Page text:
Monday, 4 October 2010

Halo Reach review

Remember Reach.

Reach is where it all began. Before Spartan 117 and Cortana, before the Flood and the Arbiter, there was the fall of Reach. But is the fall a pleasant journey? No, definitely not pleasant. It's a story of sacrifice. It's a story of courage. It's the story of the Covenant invading the planet, Reach, and doing all they can to destroy all signs of life. And who stands in the way of their objective? Noble Team.

The player takes control of Noble Six, the newest and last addition to the team. Your five teammates are all very different, ranging from the calm and loyal Jorge, to the battle crazy Emile, and other clich├ęd characters. This isn't a bad thing, the wide range if personalities and skill sets keep you interested in the team. Nobody wants a team of clones, boring you to the point of murdering them.

The missions are typically Halo. Travel here, kill enemies, defend from Covenant dropships, travel somewhere else and repeat. This is a tried and tested Bungie formula and it is fine, but it was starting to get old. And Bungie knew this, so they went a few steps further and introduced a whole new range of gameplay mechanics. Space battles? Check. Low gravity battles in a Covenant ship? Check. A whole range of armour abilities including a jetpack? Check. This game throws a lot at you, and it's damn satisfying. The space battle sees you disabling a Covenant ships engines in order for you to land on it and plant a bomb, which is followed by a breathtaking cutscene. It's this kind of thing that Halo needed, and Bungie nailed it.

Whilst it has these set pieces, they aren't as dramatic and Hollywood inspired as those in Modern Warfare 2, but Halo doesn't need these ostentatious displays, it instead relies on a solid story and characters, and has a layer of emotion unseen in many first person shooters.

The multiplayer is Halo through and through, with a modern twist. At the start of each game, and optionally each respawn, you select a loadout. These mainly change your armour ability, and now and then change weapons too. The ability to use jetpacks, active camo, holograms, sprint and armour lock online changes the way we play Halo forever. It opens up the battlefield, making it much more tactical and allows players to gain some awesome new skills. The maps are detailed and varied, with gametypes changing almost every game, it's hard to get bored. One of the most interesting and unique maps is set aboard a Covenant ship in space. Everything seems normal until you step onto a gravity lift. Shot out the top of the ship, the sound is suddenly muffled, your movement slow and gravity is virtually non-existent. Step back through a one way shield to fall into the ship and back to normal. The first time you experience this will definitely be a moment you won't forget.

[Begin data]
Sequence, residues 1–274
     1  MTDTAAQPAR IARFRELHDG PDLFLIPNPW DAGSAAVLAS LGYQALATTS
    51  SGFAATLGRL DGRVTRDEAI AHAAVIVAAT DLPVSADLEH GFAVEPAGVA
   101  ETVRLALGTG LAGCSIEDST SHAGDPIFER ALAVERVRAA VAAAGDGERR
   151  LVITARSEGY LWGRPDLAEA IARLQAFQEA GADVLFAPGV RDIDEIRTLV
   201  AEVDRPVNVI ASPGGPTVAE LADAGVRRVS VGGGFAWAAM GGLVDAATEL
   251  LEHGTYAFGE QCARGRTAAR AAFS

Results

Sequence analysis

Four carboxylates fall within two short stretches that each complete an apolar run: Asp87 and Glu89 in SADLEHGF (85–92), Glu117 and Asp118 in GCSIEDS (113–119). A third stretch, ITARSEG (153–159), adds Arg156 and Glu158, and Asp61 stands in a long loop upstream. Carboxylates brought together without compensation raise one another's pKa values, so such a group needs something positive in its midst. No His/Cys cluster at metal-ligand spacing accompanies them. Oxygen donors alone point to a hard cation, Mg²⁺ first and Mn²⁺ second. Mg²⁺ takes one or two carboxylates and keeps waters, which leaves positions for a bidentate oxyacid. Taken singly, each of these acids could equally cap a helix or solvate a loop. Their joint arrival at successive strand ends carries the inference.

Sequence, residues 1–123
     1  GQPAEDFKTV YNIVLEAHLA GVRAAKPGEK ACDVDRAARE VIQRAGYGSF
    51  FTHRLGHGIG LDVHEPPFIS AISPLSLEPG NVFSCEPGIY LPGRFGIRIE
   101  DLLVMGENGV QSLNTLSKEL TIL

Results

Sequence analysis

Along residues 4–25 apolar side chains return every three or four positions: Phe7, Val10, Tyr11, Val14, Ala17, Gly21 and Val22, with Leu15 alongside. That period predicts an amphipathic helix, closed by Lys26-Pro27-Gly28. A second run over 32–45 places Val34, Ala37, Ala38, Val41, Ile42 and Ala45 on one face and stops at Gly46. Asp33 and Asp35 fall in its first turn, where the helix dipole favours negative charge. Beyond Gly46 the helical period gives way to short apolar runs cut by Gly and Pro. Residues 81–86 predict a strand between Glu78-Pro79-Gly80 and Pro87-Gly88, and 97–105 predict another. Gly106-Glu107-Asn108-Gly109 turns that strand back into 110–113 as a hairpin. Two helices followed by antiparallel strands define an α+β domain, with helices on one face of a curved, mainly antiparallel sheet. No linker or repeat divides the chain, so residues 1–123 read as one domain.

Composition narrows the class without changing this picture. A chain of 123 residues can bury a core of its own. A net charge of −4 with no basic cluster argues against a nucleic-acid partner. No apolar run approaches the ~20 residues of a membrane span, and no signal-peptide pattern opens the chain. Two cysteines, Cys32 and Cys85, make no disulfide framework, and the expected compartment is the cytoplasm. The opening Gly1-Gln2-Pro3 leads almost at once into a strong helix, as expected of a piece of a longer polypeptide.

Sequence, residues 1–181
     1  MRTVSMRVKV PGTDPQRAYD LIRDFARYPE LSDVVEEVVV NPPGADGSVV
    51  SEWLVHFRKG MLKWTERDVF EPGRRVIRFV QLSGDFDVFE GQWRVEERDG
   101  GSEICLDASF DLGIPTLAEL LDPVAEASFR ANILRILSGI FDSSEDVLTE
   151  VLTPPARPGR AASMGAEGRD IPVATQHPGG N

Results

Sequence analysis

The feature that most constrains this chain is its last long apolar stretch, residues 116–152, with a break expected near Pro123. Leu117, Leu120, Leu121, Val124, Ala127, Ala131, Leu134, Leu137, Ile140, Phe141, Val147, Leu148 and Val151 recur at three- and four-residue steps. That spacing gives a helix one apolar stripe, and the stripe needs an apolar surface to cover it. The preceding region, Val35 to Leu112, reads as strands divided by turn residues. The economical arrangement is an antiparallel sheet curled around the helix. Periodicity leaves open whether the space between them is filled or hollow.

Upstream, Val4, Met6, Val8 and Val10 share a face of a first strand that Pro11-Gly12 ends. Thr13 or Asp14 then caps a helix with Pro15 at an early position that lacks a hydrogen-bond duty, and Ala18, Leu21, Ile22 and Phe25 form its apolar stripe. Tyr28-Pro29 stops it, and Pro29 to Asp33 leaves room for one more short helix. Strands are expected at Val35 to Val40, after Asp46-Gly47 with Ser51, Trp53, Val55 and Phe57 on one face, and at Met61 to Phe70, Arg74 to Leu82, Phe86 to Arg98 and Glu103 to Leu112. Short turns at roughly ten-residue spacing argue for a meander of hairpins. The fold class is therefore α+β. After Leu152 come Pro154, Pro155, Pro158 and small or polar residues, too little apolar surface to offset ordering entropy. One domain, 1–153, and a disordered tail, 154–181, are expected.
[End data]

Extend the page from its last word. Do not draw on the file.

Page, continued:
The all new Invasion mode gets a worthy mention too, taking objective based combat one step further. The two teams are split into Elites and Spartans, and depending on the map, either one could be the attacking or defending team. Invasion is split into 3 Phases. The first can see you destroying a shield generator, allowing access to the next Phase and extra time. Then the attacking team must capture a territory in the defending base. If successful, they will be granted access to a Data Core, which they must then get to the security of a Pelican for extraction. They're almost like co-op missions, and have a massive fun factor, especially in the final Phase.

Making a welcome return is Firefight, with a few improvements. Now the player has the ability to search for teammates. This blows Firefight wide open, making it so much more accessible and fun. The different variations of Firefight include the awesomely insane Rocketfight and Sniperfight. If you have Reach and haven't tried this out, go do it right now. These modes give the player infinite rockets and sniper bullets respectively, making the battlefield light up with a thousand explosions and enough pink mist for a lifetime.

Forge is back and, like the rest of the game, is bigger and better than ever. If Forge was your thing on Halo 3, this will be your dream come true. Gone are the clunky controls and physics, replaced with some awesome new tools that should have been standard the first time around. You now have the ability to let go of an object and have it stay in that position! The old trick of stacking objects and deleting the lower object to make it float is no longer necessary, now it's standard. Also included is the ability to place an object through another object, or part of the map. These two new tools would be enough for many Forge fans, but not for Bungie. They gave us Forge World.

Sure, it sounds big, but is it? One of the most jaw dropping moments in Reach is the first experience of Forge World. Take a Banshee to check it out, it'll still take a while to see every section. Already there are custom map variants. Race tracks spanning the whole map, taking over five minutes to navigate. Ambitious? Most definitely, but ambition is what drives Bungie. They don't want to make just another FPS. They want to push boundaries and set the bar.

Halo has been around so long and now the final piece of the epic tale is here, it's sad to say goodbye to Halo as we know it. Microsoft will continue to churn out Halo games, but without Bungie's love for the series, it will never be the same. Bungie have given their all to this one last masterpiece, and while it's not perfect in every way, it's sure as hell close.

Remember Reach? Impossible not to.


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